We’ve seen a definite shift in the last 12 months in that regard. In the past, there was a lot of talk in healthcare about AI taking the place of physicians and how that would happen relatively fast, but there has been little evidence to practically support that is actually happening. What we’ve seen in the last year is an explosion in prototypes and use cases for AI— making applications physicians use better, So, physicians, including radiologists, have gone from feeling fearful to being excited and wanting to be involved in this technology evolution. They see that this is actually a necessary technology that can take PACS and other applications to the next level. They now see that they need AI and they need it as fast as vendors can bring it to them. It will help them aggregate PHI faster, be more accurate, display more quality, spend more time with the patient, and prioritize their work and time more effectively.

Also, radiologists now see that AI can only truly evolve with their help. We have to “teach” these machine learning engines how to get better and we have to hear from the experts about what the appropriate use cases are and where they want us to go as a vendor.

So there’s definitely been a big paradigm shift from fear to wanting to work together. It was really positive to see that at RSNA.

How do you see Fujifilm’s relationship with AI, deep learning and machine learning technologies evolving in the next 5-10 years?

Given our history of being an imaging vendor and being innovative in imaging science, and a PACS market leader, that’s been our initial entry point with AI. So we’re initially introducing AI from an imaging and informatics perspective, but we do have a much broader vision that includes our entire enterprise imaging portfolio.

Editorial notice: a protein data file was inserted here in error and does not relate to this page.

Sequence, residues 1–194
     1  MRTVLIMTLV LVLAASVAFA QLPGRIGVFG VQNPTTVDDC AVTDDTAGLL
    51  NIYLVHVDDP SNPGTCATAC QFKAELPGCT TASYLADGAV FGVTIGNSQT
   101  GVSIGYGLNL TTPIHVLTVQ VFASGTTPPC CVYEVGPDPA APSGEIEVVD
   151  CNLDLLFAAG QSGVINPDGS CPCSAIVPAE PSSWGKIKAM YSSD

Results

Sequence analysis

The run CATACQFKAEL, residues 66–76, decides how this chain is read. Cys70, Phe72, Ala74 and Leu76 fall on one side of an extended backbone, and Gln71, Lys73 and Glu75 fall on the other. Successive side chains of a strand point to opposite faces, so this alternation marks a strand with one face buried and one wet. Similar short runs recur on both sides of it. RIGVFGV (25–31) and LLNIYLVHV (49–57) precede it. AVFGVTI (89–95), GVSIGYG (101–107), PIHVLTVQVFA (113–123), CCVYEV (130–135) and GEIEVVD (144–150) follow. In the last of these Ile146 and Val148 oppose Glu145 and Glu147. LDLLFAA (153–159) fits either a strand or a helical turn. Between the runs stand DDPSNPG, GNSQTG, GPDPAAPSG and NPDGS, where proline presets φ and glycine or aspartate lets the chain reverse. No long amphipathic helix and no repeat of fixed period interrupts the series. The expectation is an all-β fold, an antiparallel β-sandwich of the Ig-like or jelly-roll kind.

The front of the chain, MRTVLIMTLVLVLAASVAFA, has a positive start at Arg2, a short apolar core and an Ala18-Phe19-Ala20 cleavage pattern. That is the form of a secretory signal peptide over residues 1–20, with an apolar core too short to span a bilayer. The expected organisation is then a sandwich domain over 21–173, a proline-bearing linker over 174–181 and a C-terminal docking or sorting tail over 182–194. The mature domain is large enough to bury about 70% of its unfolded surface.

We want to use machine learning to look at our overall efficiency and optimize all of our applications. There are areas, such as reading protocols for radiologists, that are a great example of how a user might want to customize their system based on what they’re looking at and how they’ve looked at it in the past. How can we automate that process to their preferences? How can we improve departmental workflow based on patterns of use, and provide more meaningful and actionable analytics? All of that is a perfect example of how deep learning can be applied to watching user, system, and departmental patterns for potential optimizations.

We also want to bring our AI platform into more imaging research. Vendors can apply these image recognition engines to really important research that academic and clinical research settings have been eager to focus on, such as cardiac, neuro, muscle, or bone studies, but have struggled to allocate the resources required for the manual lengthy process of the imaging measurements and data collections. This important research, whether focused on identification or progression of disease states, or generating new PHI or population health analytics, is now becoming more realistic utilizing advancements in AI platforms to automate this type of research, and has the potential to create new value to legacy imaging archives.

The potential of this technology is almost limitless, but vendors need to be focused on their areas of expertise. It’s not just about having AI technology that’s off to the side, but rather, as we showed at RSNA, it’s about putting that technology right in front of the user and making it a part of their work each day. I think the vendors that can bring AI through to the user in a really meaningful way are the ones who will be on the leading edge of AI.